SERVICE PROVISION CHANGES Requirements: Organised grouping of employees” which has as its “principal purpose” the carrying out of the activities; Not in connection with a “single specific event or task of short duration”; and Activities not wholly or mainly the supply of goods or services. (Reg 3).
“Organised grouping of employees” Grouping must be organised by reference to the requirements of the client in question: Eddie Stobart Ltd v Moreman and others  IRLR 356-the fact that the nightshift workers happened to work mainly for one client didn’t make them an “organised grouping of employees”.
Changes in activities or client The activities do not have to be identical after the transfer: Metropolitan Resources Limited v (1) Churchill Dulwich Limited and (2) Martin Cambridge  IRLR 700; “Activity” has been restrictively construed: Ward Hadaway Solicitors v Love and others UKEAT/0471/09; But change in activities can mean no transfer (eg OCS Group UK Ltd v Jones and another UKEAT/0038/09; and The activities before and after the transfer must be carried out for the same client: Hunter v McCarrick  EWCA Civ 1399.
Fragmentation of activities There may be no service provision change if the service is so fragmented that no transferee can be identified: Clearsprings Management Limited v Arkins and others UKEAT/0054/08/LA and, most recently, Enterprise Management Services Ltd v Connect-up Ltd and others  IRLR 190; and It may be possible to identify a transferee even if the service is split: Kimberley Group Housing Limited v Hambley and others  IRLR 682.
Transfers within public administration “An administrative re-reorganisation of public administrative authorities or the transfer of administrative functions between public administrative authorities is not a relevant transfer” (Reg.3(5)). Implements ECJ decision in Henke v Gemeinde Schierke and Verwaltungsgemeinschaft Brocken  IRLR 701.
Transfers within public administration Distinction between: Activities falling within the exercise of public powers, which are not economic; and Services which, without falling within the exercise of public powers, are carried out in the public interest and without profit motive, in competition with profit-making operators (Ivana Scattalon v Ministero dell’Universita e delia Ricera  IRLR 1020).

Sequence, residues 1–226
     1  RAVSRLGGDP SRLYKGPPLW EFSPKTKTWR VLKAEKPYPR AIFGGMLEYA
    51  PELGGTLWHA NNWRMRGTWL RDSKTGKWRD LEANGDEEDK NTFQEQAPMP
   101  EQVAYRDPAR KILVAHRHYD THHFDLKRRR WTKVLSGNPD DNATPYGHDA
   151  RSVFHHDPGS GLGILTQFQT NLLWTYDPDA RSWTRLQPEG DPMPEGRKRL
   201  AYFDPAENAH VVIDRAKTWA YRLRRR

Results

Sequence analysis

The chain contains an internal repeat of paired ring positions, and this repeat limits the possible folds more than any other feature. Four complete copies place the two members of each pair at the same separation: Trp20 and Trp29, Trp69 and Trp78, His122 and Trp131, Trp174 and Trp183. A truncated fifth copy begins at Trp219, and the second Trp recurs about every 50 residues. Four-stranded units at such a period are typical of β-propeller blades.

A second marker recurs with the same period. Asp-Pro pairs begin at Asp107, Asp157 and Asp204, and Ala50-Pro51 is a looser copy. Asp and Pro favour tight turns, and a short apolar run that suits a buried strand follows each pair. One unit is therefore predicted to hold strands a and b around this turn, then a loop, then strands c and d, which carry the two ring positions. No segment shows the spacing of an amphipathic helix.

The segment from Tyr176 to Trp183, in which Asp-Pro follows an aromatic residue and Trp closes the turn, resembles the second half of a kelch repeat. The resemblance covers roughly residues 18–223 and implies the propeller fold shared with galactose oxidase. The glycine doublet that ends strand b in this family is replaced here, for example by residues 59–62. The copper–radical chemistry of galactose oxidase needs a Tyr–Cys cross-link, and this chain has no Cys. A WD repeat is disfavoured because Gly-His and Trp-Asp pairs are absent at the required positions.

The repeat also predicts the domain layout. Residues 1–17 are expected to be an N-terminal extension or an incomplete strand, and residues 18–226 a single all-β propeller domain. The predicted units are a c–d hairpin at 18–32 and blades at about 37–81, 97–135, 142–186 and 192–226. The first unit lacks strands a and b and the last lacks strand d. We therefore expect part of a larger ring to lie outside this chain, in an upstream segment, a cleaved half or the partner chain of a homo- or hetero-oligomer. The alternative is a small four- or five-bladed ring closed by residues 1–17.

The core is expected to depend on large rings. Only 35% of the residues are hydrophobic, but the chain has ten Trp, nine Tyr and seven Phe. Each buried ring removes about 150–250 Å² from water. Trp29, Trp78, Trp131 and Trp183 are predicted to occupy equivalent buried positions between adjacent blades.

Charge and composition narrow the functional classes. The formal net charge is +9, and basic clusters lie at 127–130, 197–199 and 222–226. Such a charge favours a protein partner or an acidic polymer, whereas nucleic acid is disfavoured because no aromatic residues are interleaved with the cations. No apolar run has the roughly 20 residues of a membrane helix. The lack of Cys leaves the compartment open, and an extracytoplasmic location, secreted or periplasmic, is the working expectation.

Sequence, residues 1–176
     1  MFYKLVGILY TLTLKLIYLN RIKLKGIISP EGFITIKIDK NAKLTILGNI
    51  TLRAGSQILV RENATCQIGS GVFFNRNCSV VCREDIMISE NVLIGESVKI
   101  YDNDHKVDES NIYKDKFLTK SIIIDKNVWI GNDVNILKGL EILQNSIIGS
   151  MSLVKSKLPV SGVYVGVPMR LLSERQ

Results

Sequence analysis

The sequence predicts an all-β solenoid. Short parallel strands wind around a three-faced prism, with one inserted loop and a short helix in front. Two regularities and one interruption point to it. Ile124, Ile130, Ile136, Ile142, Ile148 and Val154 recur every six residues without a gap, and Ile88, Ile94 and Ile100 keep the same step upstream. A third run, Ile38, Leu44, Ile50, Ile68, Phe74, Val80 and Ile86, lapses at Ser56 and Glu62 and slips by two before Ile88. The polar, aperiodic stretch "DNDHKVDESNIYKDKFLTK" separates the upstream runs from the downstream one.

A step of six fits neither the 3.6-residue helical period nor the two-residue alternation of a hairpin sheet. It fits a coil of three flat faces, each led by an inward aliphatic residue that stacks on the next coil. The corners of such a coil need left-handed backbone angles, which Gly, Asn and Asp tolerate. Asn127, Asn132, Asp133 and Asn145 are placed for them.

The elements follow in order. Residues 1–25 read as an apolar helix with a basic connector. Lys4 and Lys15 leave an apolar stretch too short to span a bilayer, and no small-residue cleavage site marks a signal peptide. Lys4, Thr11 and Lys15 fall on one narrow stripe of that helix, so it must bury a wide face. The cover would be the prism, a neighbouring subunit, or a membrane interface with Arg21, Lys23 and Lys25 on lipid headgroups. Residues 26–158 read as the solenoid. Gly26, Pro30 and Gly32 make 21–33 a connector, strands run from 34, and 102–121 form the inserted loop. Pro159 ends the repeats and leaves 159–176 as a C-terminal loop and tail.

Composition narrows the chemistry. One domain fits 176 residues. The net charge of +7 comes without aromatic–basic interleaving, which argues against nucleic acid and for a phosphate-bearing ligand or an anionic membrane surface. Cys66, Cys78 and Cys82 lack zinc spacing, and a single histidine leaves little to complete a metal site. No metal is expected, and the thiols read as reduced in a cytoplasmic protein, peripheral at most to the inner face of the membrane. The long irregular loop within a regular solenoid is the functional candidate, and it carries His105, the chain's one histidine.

The Public Sector Cabinet Office Statement of Practice on Staff Transfers in the Public Sector 2000; Code of Practice on Workforce Matters in Local Authority Service Contracts 2003 (withdrawn March 2011); Code of Practice on Workforce Matters in Public Sector Service Contracts 2005 (withdrawn December 2010); and Fair Deal for Staff Pensions.
OTHER MATTERS TUPE does not apply to share sales-unless the evidence shows that the new owner assumes control of the business (see Millam v Print Factory (London) 1991 Ltd  IRLR 526); and TUPE can apply to a transfer from the UK to a non-EU State (see Holis Metal Industries Limited v GMB and another  IRLR 187).
BIS CONSULTATION “…..However, [SPCs] go further than the provisions of the Directive and are thus considered gold-plating……”. “…Given that it is not clear that the intended benefits are being realised, the anti-competitive effects of efforts to avoid TUPE in this context, and its wish to remove unnecessary gold-plating, the Government proposes to reverse the 2006 amendments relating to service provision changes in Great Britain.”
Some thoughts in reply BIS Impact Assessment: “…..as there as so many TUPE transfers and a comparatively low number of Tribunal cases, TUPE legislation should be viewed as an area where there is good compliance”; BIS relies erroneously on the ET statistics for TUPE information and consultation cases to say that there has been an increase in TUPE claims in ETs; The number of disputes as to whether there is a transfer has decreased significantly-eg decrease in appeals to EAT and Court of Appeal; SPCs have led to increased certainty; and The majority of respondents to BIS’ call for evidence in 2012 favoured retaining SPCs (66: 47)